2014 Washington, D.C. Area Rising Star Chef Johnny Spero of minibar by José Andrés

2014 Washington, D.C. Area Rising Star Chef Johnny Spero of minibar by José Andrés
December 2014

Originally from Baltimore, Johnny Spero began his culinary career at 16, working in various Charm City kitchens. He attended culinary school at Le Cordon Bleu in Florida, and after graduating, made his way back north to hone his skills in Washington, D.C.

Spero first took a position in the savory kitchen at Komi, working alongside James Beard award-winning chef Johnny Monis, but eventually segued  to become the pastry chef. Following Komi, Spero made his way to Chilhowie, Virginia, to work with StarChefs.com Rising Star Chefs John and Karen Shields at their destination restaurant, Townhouse. During this time, Spero also traveled to Copenhagen, Denmark, where he staged at hugely influence Noma. Having built a name for himself among Washington, D.C.’s culinary community, Spero opened Suna as chef and co-owner, serving a seasonal multi-course tasting menu.

Deciding the timing wasn’t right, Spero and business partner Ari Gejdenson closed Suna just a few months after opening. Spero then landed as executive sous chef of minibar, the critically acclaimed culinary lab of American culinary icon José Andrés. Spero works closely with Andrés and his research and development team to conceive menus, and he oversees the daily operations of the James Beard Award-winning restaurant. Under Spero’s direction, minibar, was awarded a perfect four-star rating by The Washington Post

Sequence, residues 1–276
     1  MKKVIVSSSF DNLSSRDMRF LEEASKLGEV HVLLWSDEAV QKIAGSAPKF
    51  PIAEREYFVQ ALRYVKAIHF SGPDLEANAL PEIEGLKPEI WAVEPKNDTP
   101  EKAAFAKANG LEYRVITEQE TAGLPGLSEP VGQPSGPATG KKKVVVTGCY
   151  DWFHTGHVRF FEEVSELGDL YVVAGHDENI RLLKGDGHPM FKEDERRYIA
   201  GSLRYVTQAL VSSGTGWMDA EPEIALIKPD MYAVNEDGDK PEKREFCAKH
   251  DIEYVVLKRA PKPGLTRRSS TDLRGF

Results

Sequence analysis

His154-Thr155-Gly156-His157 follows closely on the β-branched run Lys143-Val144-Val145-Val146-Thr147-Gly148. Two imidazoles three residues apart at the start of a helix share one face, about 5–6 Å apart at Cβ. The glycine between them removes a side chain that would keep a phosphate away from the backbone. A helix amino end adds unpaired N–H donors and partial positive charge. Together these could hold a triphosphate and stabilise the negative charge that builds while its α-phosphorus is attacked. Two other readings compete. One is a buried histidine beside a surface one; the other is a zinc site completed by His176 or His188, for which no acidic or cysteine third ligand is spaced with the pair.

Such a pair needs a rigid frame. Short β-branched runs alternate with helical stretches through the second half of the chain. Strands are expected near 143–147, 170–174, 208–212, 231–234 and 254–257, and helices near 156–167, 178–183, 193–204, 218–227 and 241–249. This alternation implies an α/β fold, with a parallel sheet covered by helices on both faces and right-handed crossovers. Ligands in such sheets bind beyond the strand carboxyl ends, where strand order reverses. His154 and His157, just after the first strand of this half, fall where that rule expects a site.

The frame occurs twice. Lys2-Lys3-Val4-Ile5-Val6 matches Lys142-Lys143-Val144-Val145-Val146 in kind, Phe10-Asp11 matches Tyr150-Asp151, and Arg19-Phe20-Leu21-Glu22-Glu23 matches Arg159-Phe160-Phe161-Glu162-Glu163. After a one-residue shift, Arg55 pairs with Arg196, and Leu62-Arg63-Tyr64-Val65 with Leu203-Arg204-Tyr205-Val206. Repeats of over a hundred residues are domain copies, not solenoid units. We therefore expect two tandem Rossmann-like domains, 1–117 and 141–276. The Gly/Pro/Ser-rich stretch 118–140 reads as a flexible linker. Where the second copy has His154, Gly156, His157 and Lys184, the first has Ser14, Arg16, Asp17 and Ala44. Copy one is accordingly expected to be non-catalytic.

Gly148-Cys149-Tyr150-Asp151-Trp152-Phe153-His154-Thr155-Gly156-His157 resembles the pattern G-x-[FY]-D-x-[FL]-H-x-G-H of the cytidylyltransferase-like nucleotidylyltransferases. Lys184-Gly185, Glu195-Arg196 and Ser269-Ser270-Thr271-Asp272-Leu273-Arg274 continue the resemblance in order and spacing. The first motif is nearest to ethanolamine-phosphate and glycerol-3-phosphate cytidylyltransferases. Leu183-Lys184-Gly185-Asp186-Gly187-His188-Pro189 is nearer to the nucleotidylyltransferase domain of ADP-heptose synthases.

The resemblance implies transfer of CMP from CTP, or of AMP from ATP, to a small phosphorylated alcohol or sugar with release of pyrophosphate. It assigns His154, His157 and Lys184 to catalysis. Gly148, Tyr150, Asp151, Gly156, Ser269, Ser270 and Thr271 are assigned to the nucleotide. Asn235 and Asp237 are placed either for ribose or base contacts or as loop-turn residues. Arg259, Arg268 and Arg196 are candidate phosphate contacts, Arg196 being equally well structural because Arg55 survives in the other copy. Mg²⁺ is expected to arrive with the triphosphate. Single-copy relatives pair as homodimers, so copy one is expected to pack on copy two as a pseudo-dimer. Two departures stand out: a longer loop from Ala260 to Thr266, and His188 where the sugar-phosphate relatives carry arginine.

Interview with Washington, D.C. Area Rising Star Chef Johnny Spero of minibar

Meha Desai: When did you start cooking professionally?
Johnny Spero:
I started working in restaurants so my parents would let me get my driver’s license.

MD: Who do you consider to be your mentor?
JS:
John Schultz at Townhouse. I was working there for a year before they closed. He taught me to pick product in the garden and have respect for ingredients. 

MD: How are you involved in the local culinary community?
JS
: I’ve been here on and off for eight years now. I know the local community really well. I have a tight circle of friends based around the culinary scene in D.C. I don’t look at them like a threat or competition, but more like friends and family. 

MD: What was the hardest thing you’ve had to do in your career?
JS:
Opening and closing a restaurant. I opened my own restaurant right before I came to minibar. It was called Suna.I spent a year doing it, but it was only open for four to five months. My business partner and I didn’t see eye to eye. That was when I was 26.

MD: What are you most proud of?
JS:
I’m most proud of running this kitchen. It’s José Andrés’ signature restaurant, his baby. He trusts me to run it. I think that that’s big.

MD: What's your five year plan?
JS:
I don’t have a specific path. I just hope in five years I’ll be in a kitchen and still cooking and continuing to push myself. I’ve been in D.C. for 8 years now. I’ve seen the culinary scene evolve, so I’d like to be a part of it.

MD: Describe your cuisine in one sentence.
JS:
Clean, uncomplicated flavor with ingredients in the forefront and techniques comes after.